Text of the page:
I vaguely recall legislative arguments against the law because window tinting is a cultural thing. Members of some groups, it was said, like blackened windows because - well, I don't exactly remember the logic of it.

It may have been a semi-circular argument having something to do with wanting a little privacy so the police wouldn't always be hassling you. This law, of course, would only give the cops another excuse for hassling.

But the cultural-tradition defense doesn't have much backup. Blacked-out windows show up everywhere, and the drivers - sometimes you can see them head-on through the windshield if the sun is shining directly on them and they're wearing day-glo caps - come in all races, colors and ethnicities.

If there's any common characteristic, it's young maleness.

Furthermore, there doesn't seem to be much hassling going on. If people were being hassled, you'd think there would be more prosecutions under this law.

Denver Police say they've issued 2,800 tickets for too-dark windows during the past three years, including more than 1,000 in the first 11 months of 2003.

The State Patrol hasn't been able to supply any statistics. Several requests for hard numbers seem have gone unanswered. Wolfinbarger says he has issued more than a few tickets himself, but typically it's "only the most egregious offenders."

The law also makes it a crime to sell or install a window tint that's too dark. There's a fine of $500 to $5,000 for each offense.

But the Denver City Attorney's office didn't have any numbers on prosecutions, and neither did the county court or the traffic enforcement division. It took a half-dozen calls, two laps through the system, to not find that out.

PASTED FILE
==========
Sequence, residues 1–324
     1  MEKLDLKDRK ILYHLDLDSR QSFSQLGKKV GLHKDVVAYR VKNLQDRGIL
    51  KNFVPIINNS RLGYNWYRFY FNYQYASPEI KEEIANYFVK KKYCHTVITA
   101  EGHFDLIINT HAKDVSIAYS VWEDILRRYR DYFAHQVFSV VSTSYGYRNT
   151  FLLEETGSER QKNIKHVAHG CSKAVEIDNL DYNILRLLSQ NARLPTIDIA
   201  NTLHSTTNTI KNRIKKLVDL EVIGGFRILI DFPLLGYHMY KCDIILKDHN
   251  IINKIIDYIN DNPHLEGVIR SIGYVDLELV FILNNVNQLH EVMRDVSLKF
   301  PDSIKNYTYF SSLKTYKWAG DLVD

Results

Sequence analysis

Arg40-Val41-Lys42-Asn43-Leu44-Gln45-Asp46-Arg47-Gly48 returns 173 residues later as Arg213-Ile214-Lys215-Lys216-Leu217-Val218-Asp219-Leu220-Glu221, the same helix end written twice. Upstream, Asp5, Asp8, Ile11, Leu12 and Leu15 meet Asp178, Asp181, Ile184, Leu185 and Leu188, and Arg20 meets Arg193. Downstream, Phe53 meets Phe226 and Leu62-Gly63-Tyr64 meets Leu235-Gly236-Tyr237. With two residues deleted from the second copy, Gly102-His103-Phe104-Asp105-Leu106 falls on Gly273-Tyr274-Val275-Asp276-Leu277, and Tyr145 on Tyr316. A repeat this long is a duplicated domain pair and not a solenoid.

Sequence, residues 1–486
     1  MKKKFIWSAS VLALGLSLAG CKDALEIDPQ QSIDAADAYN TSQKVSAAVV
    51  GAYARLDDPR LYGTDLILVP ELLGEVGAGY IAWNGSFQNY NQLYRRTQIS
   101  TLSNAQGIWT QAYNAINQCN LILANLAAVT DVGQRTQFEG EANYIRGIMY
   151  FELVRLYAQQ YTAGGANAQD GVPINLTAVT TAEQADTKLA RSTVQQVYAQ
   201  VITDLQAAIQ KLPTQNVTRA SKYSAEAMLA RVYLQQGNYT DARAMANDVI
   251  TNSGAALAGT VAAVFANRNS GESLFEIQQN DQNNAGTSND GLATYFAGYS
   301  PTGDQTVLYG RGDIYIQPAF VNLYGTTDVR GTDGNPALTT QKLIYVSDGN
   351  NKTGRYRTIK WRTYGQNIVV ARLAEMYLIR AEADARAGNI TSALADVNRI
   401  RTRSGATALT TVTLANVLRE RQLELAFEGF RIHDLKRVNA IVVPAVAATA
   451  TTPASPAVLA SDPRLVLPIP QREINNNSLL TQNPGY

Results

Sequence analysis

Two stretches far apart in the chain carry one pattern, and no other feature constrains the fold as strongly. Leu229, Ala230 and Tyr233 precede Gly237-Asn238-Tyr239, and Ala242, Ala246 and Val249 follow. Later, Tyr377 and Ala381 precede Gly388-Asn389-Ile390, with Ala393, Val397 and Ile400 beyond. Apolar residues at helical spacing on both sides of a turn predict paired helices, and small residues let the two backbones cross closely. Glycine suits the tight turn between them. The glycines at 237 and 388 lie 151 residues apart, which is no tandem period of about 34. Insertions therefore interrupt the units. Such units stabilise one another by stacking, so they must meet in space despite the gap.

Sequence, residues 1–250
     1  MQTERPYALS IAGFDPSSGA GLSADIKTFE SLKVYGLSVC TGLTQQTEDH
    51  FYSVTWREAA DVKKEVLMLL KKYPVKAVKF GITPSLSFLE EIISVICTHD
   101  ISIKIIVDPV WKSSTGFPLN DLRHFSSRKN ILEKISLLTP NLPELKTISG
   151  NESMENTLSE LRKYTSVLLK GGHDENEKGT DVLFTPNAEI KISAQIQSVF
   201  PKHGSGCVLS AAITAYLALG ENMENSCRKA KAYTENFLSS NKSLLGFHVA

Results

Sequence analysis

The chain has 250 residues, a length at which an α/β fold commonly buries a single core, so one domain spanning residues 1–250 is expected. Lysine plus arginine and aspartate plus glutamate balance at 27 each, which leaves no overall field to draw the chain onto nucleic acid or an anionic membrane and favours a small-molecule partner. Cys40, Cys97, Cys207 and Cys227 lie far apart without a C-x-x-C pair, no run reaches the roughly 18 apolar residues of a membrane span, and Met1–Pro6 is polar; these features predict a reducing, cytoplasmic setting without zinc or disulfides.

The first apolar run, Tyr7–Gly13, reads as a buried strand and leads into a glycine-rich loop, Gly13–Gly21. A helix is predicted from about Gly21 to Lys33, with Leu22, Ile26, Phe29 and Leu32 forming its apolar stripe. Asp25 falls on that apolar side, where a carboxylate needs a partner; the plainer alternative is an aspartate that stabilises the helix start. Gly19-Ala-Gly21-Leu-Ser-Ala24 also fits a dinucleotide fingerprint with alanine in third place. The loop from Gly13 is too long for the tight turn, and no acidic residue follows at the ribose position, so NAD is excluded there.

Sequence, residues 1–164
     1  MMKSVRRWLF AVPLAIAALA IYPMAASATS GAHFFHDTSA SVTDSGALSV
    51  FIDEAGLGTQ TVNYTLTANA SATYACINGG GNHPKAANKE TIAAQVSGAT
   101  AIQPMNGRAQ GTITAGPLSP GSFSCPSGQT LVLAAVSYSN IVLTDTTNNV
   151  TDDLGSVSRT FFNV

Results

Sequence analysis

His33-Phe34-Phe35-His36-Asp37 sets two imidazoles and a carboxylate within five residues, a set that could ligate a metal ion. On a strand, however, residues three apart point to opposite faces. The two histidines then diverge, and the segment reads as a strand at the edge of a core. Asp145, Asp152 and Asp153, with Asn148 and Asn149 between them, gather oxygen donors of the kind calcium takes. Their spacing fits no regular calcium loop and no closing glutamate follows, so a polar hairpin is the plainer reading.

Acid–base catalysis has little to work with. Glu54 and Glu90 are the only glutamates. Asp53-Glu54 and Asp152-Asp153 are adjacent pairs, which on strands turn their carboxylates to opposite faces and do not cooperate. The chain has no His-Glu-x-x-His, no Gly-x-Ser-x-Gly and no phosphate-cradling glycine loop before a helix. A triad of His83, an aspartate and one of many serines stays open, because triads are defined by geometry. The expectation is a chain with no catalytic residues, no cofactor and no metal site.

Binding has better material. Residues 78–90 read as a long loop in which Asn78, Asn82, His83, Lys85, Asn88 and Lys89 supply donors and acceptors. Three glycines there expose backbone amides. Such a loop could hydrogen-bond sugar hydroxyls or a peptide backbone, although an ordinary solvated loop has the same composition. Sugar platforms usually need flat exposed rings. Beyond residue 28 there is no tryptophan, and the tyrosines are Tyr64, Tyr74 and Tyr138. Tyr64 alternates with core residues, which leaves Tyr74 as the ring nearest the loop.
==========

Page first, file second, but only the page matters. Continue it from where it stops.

Maybe it's just because it's December, and it's naturally dark anyway. But it certainly seems that more is being kept in the dark than just the drivers of mean-looking cars.

Link to comment
Share on other sites

Colorado's two laws give the consumer a choice, 1) dark as you want on the back, but the d/p window must have nothing or, 2) 27% on all glass except the windshield (windscreen).

One or the other, but not both. :rollin

Link to comment
Share on other sites

You know I actualy Like that Makes more sence to tint it all in 27 then just the back in 5 The one with 27 will be cooler then just the backs in 5

Wish we had that law would be alot nicer to do more cars

Link to comment
Share on other sites

Guest Litespeeds

Stupid law. They should just outlaw 5% so officers can see into the vehicles and allow up to 30% on the front doors.

What if an officer came up to a car that had 5% on the rears and nothing on the front. There could be somebody in the back seat pulling a gun on him/her and they wouldn't even know it. All they can see is the driver. :evileye

Link to comment
Share on other sites